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calin, the torchbearer

During Rovinescu’s 2014 convocation address at the University of Ottawa, where he himself obtained an LLB in 1980, he explained, alternating between fluent English and French, that “We get nowhere without courage. Courage to leave. Courage to stay.” And quoting Aristotle: “Courage is the first of the human qualities, because it is the quality that guarantees the others.” In 1961, five-year-old Calin, his father, mother and sister Olivia left Bucharest, Romania, and arrived by boat in Montreal, Quebec, and settled on Barclay Avenue in the immigrant community of Côte-des Neiges with $60 and a couple of suitcases. His father, a urologist, nearly 40 years old, was able to find work in his field as a surgeon. His mother, multilingual, with two master’s degrees and experience working in a foreign affairs department, found clerical work at Singer Sewing Machines, and Simpsons, a large department store. Rovinescu learned early on to shed any idea of entitlement or that he was owed a living. “An immigrant is optimistic about the future, but is also fundamentally insecure, which makes him sharper. He never takes anything for granted,” he told Report on Business when he was named the magazine’s 2013 CEO of the year. Rovinescu’s first glimpse of his future as CEO of Air Canada was during a lunch with Claude Taylor, Air Canada’s CEO during its transition from Crown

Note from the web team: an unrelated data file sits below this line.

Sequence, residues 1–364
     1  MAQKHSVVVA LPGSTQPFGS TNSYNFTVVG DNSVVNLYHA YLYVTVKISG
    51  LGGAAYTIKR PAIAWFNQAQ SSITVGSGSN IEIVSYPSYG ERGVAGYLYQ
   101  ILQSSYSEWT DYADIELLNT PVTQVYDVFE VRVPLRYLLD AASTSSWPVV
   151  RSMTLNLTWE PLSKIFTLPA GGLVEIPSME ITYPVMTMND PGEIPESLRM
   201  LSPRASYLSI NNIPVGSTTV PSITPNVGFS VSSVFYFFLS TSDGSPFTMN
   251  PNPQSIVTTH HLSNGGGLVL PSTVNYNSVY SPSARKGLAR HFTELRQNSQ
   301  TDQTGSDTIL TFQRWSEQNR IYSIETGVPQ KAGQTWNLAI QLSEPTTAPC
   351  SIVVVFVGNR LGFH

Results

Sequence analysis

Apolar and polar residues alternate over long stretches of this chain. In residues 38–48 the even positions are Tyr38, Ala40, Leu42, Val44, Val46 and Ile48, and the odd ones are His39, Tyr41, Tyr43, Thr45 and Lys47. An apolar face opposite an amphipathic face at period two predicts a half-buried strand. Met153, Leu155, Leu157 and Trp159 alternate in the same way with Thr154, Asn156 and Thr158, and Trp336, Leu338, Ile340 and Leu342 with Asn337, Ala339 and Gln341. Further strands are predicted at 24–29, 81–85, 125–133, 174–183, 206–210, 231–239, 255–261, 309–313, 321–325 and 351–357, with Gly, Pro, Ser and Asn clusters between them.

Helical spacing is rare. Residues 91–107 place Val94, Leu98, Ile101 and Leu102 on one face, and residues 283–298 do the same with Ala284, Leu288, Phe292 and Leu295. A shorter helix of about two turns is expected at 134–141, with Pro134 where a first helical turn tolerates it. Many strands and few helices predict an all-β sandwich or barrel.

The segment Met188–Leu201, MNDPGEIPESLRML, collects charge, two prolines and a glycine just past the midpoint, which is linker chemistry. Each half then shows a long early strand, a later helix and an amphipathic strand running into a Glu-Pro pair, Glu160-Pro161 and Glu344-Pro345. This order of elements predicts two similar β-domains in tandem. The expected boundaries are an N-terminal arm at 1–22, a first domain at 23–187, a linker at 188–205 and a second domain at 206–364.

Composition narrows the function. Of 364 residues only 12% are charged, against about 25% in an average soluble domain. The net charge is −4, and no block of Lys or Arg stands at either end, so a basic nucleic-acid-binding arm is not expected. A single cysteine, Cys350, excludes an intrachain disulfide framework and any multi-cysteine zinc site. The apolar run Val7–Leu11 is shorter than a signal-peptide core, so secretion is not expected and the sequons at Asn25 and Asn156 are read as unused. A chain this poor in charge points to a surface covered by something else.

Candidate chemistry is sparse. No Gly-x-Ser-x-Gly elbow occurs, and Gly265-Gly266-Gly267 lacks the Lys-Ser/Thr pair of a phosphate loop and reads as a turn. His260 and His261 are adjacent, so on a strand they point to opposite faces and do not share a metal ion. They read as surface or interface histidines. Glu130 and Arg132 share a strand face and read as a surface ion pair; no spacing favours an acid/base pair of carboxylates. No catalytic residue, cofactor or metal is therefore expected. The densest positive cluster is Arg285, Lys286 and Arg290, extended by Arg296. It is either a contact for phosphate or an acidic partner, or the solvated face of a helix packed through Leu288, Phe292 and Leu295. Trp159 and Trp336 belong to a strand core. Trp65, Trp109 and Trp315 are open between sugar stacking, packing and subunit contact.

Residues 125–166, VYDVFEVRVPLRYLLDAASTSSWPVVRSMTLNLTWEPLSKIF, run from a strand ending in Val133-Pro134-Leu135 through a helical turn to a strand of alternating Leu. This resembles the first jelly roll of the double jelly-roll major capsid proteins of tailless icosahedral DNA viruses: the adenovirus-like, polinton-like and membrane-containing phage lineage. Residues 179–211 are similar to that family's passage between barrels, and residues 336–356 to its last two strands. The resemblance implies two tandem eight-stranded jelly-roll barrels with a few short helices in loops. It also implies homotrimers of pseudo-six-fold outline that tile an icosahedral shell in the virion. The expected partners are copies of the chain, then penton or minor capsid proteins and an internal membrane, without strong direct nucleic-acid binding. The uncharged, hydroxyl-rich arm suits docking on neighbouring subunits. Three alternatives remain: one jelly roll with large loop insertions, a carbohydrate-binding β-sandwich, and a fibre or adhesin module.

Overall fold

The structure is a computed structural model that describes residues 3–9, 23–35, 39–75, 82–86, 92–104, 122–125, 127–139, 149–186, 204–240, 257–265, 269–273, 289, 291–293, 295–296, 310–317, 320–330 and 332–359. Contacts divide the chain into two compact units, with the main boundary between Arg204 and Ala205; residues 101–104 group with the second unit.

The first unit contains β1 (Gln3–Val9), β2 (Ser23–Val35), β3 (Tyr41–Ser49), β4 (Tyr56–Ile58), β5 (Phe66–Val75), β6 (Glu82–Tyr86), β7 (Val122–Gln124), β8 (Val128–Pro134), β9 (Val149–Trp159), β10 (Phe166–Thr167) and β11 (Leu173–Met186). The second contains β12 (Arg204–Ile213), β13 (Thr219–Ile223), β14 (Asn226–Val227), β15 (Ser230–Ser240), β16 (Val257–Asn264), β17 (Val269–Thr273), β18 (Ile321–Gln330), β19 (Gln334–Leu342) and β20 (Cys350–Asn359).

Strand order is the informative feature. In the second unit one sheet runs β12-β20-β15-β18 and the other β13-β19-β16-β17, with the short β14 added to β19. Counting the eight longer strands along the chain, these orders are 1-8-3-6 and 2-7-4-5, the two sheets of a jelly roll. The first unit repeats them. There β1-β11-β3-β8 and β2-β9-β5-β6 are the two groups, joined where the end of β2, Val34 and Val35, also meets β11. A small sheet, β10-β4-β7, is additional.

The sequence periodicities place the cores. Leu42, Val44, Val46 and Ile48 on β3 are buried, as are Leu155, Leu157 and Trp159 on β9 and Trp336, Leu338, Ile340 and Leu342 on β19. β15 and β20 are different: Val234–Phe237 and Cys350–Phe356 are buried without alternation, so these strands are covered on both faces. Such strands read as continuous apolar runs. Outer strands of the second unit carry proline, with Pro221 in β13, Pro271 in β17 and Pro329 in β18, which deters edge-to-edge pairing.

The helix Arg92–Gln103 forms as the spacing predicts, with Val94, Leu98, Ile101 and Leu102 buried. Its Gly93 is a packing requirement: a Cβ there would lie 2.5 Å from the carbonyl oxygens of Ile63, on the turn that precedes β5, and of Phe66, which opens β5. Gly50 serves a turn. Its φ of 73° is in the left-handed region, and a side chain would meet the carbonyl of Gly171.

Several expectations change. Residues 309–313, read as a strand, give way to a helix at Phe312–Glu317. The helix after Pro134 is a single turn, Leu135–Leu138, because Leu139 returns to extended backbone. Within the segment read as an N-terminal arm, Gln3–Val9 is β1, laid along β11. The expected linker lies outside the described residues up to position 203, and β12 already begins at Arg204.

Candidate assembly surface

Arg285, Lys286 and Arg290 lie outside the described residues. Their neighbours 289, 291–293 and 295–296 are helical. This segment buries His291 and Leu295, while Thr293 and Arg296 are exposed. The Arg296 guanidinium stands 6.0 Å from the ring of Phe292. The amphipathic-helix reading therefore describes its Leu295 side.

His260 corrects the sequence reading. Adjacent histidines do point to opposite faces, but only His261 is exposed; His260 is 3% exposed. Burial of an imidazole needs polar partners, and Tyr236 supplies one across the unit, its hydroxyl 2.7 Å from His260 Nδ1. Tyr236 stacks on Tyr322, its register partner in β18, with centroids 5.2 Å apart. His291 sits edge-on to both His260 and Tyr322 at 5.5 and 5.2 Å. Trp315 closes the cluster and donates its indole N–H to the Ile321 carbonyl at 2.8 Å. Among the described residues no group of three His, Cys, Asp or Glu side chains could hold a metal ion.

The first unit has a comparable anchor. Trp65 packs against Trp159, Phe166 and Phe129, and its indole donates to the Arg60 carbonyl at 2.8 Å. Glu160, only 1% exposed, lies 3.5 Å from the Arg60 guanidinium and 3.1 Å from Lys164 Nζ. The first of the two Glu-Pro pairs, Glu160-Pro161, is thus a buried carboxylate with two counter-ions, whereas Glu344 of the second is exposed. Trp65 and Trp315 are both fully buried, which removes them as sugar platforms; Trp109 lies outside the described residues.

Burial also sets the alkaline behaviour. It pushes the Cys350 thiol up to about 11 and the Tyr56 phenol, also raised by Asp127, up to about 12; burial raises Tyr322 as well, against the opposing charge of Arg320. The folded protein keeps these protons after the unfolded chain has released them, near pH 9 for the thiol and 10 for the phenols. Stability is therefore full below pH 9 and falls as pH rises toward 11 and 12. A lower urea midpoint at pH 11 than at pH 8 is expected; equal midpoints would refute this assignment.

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corporation to privatization in the late 1980s. Rovinescu, then a managing partner at Stikeman Elliott, was lead counsel on the case. After the closings, Taylor invited him to lunch so he could pick the 30-year-old’s brain on how to move the airline successfully into the private sector. Rovinescu picked up a few pointers from Taylor, too. “Well, as you can see, that one empowering lunch has certainly had an influence on my life,” he recalled back at the convocation address. >

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PHOTO: AIR CANADA

courage to leave. courage to stay

It’s 2010, day 44 of the torch relay for the Vancouver 2010 Olympic Winter Games. Rovinescu is torchbearer number 044-038, on a bus with 19 others, to Ottawa. Sporting the white nylon tracksuit and caps issued to all torchbearers, he blends in with the other passengers. When asked to introduce himself, he says, “I am from Montreal and I work for Air Canada.” Dave Doroghy, who was leading the introductions that day, knew Rovinescu was the airline’s CEO and was struck by his modesty. “The cool thing is that, on the bus, everybody is just another torchbearer,” he wrote in Confessions of an Olympic Torch Relay Shuttle Host. “Status, influence and income levels fall to the wayside as the torchbearers on the bus are, first and foremost, simply proud Canadians.” Nonetheless, as Doroghy watched Rovinescu take his turn in the relay, he noted: “I thought it ironic that the torchbearer before him would never know that he had just passed the flame to one of Canada’s top business executives.”

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APEX Experience 6.3 June/July  

This issue, colored LEDs, YouTube and TV box sets entertain us en route to summer destinations. At the airport, beacons beckon and GPS ensur...

APEX Experience 6.3 June/July  

This issue, colored LEDs, YouTube and TV box sets entertain us en route to summer destinations. At the airport, beacons beckon and GPS ensur...

Profile for spafax